Scene from The Legend of Zelda: Twilight Princess
Learning パチンコ (Slingshot) from Zelda: Twilight Princess

Videogames can be a great resource for learning Japanese. They give you authentic text to read, with rich stories and scenarios that will help you understand and recall words more successfully in the future. Since games are a visual medium, if you struggle to understand something, you can often figure out enough of what's going on to keep going. And since many modern games  have spoken dialog with subtitles, you can even get listening practice in at the same time!

That said, there are some things to consider that will help you get the most out of the time you spend playing games in Japanese.

Picking the Right Game

The first thing you need to do is pick the right game. Almost all games can provide some opportunities for learning, but picking the right game for your Japanese level will go a long way.

Things to consider when picking a game:

How much dialog does this game have?

If you are playing Super Mario Bros. in Japanese, you're not going to get a lot out of language practice out of it. You may learn some simple words for menu buttons, etc., but something with more dialog is going to give you a lot more mileage.

Have you played this game before in your native language?

Chances are, no matter what game you choose, there are going to be parts that you struggle to understand. If you've never played the game before and you misunderstand a crucial scene, it could derail your understanding of the plot, and kill your enjoyment of the game. On the other hand, if you've played the game before and know the general plot, you have the flexibility to just move on with the game and not feel lost.

Does the game use kanji, or is it hiragana-only?

I generally don't recommend trying to play games that are written in hiragana only (sorry Mother series!). You're generally not going to see this way of writing outside of content aimed at young children, and once you have some kanji under your belt, you'll find reading hiragana-only text is actually harder to parse.

8-bit systems like the Famicom (NES) did not have the graphical fidelity to display kanji, and so they are almost always hiragana-only. Some early Super Famicom (SNES) games, and most Game Boy games also use hiragana-only.

Some games, like the Pokemon series, will let you choose whether to play with only hiragana, or include kanji.

Same scene with Hiragana and Kanji in Pokemon: Black and White
Hiragana mode (left), Kanji mode (right) in Pokémon Black & White

Does the kanji have furigana?

Having furigana can be a huge help when reading, and when trying to look up words you don't know the kanji for. In general, games on newer Nintendo consoles like the Switch and 3DS tend to have furigana, while older games and games aimed solely at an adult audience will not.

Is the game voice acted?

Text-only games are great (and I play a lot of them), but if you're looking to get some listening practice in as well, voice-acted videogames are a great choice. Spoken videogame dialog will often have subtitles, so you can practice both skills at the same time. Subtitles will also help a lot when trying to understand characters who speak fast or have an accent.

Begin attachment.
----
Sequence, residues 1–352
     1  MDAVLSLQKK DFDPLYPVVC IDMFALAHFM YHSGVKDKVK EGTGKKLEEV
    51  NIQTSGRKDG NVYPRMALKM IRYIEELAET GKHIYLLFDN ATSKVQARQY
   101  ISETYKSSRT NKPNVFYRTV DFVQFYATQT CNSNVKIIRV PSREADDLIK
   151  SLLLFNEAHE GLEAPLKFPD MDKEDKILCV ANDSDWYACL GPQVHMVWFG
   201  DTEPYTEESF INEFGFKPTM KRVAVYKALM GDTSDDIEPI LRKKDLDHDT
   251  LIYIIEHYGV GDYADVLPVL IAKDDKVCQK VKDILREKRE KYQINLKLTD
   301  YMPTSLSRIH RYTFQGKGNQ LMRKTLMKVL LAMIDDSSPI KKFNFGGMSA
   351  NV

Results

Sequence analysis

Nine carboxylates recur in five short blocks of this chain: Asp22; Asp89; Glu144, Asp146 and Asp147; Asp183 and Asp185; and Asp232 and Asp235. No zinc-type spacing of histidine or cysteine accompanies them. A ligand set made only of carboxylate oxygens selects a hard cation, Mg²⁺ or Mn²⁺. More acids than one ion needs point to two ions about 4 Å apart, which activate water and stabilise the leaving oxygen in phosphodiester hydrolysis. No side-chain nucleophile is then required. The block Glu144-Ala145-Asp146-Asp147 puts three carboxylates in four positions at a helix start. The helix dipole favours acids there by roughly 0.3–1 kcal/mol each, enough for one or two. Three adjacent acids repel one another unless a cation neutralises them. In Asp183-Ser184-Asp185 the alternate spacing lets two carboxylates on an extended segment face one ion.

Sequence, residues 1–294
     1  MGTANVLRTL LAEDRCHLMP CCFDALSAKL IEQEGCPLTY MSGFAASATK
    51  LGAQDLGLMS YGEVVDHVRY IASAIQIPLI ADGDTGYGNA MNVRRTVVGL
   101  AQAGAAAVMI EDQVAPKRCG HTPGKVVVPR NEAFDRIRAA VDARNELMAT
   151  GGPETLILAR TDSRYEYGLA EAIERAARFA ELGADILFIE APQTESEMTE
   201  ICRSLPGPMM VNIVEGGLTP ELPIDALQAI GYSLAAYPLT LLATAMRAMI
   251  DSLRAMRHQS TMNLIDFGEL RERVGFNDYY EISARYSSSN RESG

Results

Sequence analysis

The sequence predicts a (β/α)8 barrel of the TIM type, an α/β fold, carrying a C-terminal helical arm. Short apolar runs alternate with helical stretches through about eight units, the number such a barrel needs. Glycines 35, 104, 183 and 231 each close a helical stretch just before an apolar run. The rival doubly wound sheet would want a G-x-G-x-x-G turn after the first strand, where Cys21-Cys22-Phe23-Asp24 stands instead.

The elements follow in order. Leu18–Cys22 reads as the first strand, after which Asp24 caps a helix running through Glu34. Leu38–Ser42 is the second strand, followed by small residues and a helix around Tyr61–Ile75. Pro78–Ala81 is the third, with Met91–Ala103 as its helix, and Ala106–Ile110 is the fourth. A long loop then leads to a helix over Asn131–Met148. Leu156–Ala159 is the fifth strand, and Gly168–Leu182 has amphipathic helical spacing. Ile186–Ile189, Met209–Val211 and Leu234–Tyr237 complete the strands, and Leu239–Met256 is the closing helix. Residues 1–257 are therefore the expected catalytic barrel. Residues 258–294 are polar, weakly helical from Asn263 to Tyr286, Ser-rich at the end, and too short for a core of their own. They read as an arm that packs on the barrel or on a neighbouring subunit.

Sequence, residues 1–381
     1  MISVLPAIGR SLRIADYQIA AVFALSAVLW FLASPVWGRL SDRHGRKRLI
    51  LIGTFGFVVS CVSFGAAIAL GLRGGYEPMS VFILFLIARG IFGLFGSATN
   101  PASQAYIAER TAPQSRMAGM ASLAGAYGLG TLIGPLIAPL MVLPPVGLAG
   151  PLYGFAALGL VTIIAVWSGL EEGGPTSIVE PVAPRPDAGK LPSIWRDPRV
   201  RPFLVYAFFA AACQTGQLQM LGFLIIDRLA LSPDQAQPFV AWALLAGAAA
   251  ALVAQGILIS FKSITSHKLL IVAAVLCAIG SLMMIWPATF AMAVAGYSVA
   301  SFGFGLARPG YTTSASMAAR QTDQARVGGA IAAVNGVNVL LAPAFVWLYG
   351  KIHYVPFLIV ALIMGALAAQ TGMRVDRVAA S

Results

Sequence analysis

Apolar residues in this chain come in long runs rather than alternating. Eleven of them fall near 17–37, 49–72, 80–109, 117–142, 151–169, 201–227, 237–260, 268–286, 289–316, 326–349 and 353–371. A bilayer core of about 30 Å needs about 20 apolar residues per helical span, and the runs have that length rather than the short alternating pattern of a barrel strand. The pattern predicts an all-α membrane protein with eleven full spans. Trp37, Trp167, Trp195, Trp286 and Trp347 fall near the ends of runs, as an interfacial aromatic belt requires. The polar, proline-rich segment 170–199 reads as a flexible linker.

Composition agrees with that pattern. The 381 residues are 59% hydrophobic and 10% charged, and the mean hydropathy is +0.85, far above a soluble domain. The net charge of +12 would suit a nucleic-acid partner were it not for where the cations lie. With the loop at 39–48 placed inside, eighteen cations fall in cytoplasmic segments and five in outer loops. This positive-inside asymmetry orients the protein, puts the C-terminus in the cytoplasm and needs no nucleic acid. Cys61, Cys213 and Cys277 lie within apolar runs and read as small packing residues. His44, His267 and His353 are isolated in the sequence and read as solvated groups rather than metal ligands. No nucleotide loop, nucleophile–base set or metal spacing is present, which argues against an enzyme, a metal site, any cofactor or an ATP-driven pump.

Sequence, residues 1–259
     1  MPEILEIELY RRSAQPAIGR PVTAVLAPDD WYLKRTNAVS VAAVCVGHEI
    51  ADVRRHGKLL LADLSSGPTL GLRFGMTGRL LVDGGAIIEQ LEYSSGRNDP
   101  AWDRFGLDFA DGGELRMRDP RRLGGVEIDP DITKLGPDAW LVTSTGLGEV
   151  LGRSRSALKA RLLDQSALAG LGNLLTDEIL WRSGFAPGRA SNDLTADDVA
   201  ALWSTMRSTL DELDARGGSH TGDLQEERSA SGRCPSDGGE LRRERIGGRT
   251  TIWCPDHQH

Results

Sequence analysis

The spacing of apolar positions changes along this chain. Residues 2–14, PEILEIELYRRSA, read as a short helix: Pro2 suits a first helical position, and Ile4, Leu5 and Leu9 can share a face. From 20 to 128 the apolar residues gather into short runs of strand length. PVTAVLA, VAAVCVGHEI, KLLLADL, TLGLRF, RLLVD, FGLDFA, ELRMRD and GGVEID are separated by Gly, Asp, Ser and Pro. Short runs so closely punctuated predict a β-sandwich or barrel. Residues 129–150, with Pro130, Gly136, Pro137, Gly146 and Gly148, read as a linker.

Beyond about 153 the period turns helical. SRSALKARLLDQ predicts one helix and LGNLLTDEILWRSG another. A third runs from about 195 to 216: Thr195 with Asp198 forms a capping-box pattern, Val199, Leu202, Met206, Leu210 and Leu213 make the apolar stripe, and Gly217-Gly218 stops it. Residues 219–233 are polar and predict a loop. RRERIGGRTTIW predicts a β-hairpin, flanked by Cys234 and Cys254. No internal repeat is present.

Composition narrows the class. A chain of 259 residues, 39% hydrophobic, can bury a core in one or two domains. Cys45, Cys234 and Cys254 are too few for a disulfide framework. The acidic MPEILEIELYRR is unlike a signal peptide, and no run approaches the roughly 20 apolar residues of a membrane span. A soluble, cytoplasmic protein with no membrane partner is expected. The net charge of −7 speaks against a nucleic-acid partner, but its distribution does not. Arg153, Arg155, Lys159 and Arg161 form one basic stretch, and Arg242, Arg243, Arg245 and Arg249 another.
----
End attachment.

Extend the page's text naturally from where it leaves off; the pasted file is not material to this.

What difficulty level of Japanese is used in this game?

Some games use much more difficult language than others. It can be hard to judge this until you've spent some time playing a game, but a good way to guess is to look at the complexity of language used in English. For example, here's a line from dialog in the English version of Final Fantasy XIV:

'Tis a stain upon our ledger that I would fain remove.

If a game is full of lines like that in English, it's a good guess that the translators are trying to capture the spirit of some archaic and uncommon speech patterns in the original Japanese. And sure enough, the Japanese in FFXIV is often archaic and hard to understand.

I tend to find older games use easier Japanese. Super Famicom (SNES), Playstation, and N64 games generally stick to easier language than their modern counterparts. Modern games that are aimed at a younger audience, like the Pokemon series, or the Chocobo Mystery Dungeon series, tend to have easier language as well.

Is there a script available online?

Last but definitely not least, having a script to reference can be an immensely helpful resource. This lets you import the text into a tool like Nihongo to make word lookups quick, and pre or post-study using automatically generated flashcards.

The rest of this post will focus on how to find and take advantage of these scripts to accelerate your study and enjoyment of Japanese games.

Finding Scripts Online

I'm starting to build up my own list of game scripts, but if you can't find the game you're looking for there, you'll need to do some hunting. Here are some key techniques you can use to help you find them:

Google a random, non-memorable line of text
This is the main technique I use to find game scripts. Get a few scenes into the game, and pick a random, otherwise unremarkable line. You want something as mundane as possible, that no one will have any reason to post online unless they're transcribing the entire script.

Old man giving instructions in Dragon Quest IX
Getting some totally unremarkable instructions from the town elder in Dragon Quest IX.